I also really loved the vibe of my night shots, lit by the Pepsi sign in Long Island City.

Photos by Sweet Lou Photography

This is not your typical full-frame mirrorless lens. What do you think of the Lomography Art Lens range in general, and the idea of bringing historic references and character to the digital world?

The Lomography Art Lens range consists of super unique lenses in general. If you're someone who enjoys shooting film, you need to try these lenses out at the very least.

I mentioned this in my video about the lens, but I really appreciate the way Lomography finds interesting ways to unify the digital and film experience. In a time where our digital cameras can basically focus themselves, Sony is rolling out AI to recompose images for you, and cameras are becoming so sharp people are going out of their way to soften their images, this lens felt really refreshing to me. It made me feel more connected to my photography and video work.

Regarding the history behind the lens, it's another aspect that makes it super unique. In the promotional media, Lomography mentions a "fascinating yet forgotten scientist" Hasan Ibn al-Haytham. And fascinating is truly the word. I had no idea of his story. It just adds another layer to this already interesting lens.

Photos by Sweet Lou Photography

How would you suggest those interested in picking up this lens work it into cinematography?

The Nour is perfect for cinematography, it's full manual with a de-clicked aperture.

Not to sound like a broken record, but DPs just need to practice, practice, practice. Having focus peaking is a MAJOR help with this lens. And a big, bright EVF doesn't hurt either. I didn't get a chance to test this lens out for a bigger video project, or on a nice video monitor though.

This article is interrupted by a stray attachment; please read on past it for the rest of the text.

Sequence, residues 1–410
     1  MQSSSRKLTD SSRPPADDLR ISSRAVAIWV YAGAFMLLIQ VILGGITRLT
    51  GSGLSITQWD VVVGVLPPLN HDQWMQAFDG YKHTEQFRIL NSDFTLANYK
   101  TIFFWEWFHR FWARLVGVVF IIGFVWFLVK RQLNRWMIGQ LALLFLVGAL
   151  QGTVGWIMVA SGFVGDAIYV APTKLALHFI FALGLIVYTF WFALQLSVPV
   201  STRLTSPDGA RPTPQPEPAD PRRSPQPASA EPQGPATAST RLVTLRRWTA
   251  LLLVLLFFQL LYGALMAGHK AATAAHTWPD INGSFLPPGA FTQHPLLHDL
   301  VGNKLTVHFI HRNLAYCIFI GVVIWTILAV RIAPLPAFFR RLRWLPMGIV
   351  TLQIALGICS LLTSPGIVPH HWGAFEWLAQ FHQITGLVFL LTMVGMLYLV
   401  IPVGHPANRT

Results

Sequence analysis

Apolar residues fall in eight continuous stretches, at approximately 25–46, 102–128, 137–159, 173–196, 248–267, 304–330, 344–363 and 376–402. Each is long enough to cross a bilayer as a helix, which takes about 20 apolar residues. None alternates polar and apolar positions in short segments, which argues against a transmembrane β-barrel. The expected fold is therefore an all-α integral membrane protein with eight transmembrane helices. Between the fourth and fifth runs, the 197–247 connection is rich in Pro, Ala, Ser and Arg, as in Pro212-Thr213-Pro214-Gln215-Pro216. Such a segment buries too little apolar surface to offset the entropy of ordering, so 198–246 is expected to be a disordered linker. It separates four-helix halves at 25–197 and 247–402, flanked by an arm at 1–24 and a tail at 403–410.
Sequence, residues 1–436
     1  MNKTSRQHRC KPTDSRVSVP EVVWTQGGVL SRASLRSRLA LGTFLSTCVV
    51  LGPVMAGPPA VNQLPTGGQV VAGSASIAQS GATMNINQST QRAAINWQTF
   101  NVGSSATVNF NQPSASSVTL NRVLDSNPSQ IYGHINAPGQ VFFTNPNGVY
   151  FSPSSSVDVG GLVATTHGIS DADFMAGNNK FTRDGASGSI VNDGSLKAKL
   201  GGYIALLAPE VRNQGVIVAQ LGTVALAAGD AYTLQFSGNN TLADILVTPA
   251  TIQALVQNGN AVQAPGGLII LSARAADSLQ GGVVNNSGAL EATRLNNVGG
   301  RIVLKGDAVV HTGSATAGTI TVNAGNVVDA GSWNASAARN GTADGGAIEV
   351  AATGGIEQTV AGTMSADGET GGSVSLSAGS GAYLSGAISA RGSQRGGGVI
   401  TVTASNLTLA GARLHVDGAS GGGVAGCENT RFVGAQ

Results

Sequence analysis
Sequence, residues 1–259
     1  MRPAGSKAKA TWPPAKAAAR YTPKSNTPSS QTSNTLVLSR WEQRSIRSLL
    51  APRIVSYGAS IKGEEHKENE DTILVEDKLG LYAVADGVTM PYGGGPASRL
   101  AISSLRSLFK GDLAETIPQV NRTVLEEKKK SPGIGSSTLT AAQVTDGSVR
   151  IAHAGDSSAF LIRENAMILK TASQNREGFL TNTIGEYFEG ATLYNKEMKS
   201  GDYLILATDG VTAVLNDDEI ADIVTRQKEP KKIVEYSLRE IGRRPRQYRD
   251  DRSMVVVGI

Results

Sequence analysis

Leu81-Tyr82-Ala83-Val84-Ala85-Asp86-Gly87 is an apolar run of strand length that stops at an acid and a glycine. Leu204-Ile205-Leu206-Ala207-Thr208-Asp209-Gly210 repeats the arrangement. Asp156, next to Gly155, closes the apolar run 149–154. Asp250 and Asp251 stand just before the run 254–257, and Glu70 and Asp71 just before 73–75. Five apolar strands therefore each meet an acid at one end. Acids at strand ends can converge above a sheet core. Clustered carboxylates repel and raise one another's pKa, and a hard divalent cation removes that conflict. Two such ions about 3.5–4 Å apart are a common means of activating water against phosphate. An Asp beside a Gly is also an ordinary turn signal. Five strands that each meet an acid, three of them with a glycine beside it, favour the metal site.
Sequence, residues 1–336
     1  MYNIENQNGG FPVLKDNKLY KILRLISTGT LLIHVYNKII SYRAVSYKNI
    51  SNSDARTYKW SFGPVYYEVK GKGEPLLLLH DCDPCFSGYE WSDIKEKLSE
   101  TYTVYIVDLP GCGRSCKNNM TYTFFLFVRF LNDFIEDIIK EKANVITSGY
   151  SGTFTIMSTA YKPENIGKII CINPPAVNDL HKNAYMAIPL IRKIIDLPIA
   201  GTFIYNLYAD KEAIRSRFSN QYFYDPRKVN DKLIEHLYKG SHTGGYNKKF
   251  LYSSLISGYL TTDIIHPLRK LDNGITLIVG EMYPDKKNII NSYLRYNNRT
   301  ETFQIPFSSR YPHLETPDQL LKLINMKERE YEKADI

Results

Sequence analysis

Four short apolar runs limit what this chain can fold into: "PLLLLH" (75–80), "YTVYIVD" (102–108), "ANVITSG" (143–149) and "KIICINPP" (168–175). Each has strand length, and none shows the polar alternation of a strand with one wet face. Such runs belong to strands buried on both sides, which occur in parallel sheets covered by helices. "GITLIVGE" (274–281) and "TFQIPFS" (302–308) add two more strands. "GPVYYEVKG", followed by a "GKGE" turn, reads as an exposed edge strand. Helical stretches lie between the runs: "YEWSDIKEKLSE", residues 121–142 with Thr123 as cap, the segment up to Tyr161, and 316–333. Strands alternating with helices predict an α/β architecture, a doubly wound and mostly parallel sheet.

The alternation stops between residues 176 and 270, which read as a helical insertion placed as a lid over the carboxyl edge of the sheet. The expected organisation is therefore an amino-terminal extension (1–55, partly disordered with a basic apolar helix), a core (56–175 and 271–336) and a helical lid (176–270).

Photos by Sweet Lou Photography

What is your personality? Soft, classic or bubbly?

I'd say I am classic. I am old school in a lot of ways (outside of the whole film photography thing.) I like to write things down physically. I like to listen to my music on some sort of physical medium.

But to verify, I also asked my friends. According to Kristen, I am classic. In her words, "I feel like it's your vibe". (She said that she's bubbly if you were wondering). Cory and Nitara also agree that I am classic. So there you have it.

Anything else you'd like to share?

If this was a video, I probably would just use this clip. I think I've already talked too much. Thanks for having me!


If you're interested in keeping up with Lou and his work, make sure to check out his Instagram and YouTube Channel.

written by eloffreno on 2023-11-27 #gear #people #videos #historical #lens #vintage #historic #lens-test #first-impressions

Nour Triplet V 2.0/64 Bokeh Control Art Lens

Ignite the legacy of a fascinating but forgotten scientist, Ibn al-Haytham, and become a master of light with this unique lens designed for spherical aberration control on full-frame mirrorless cameras.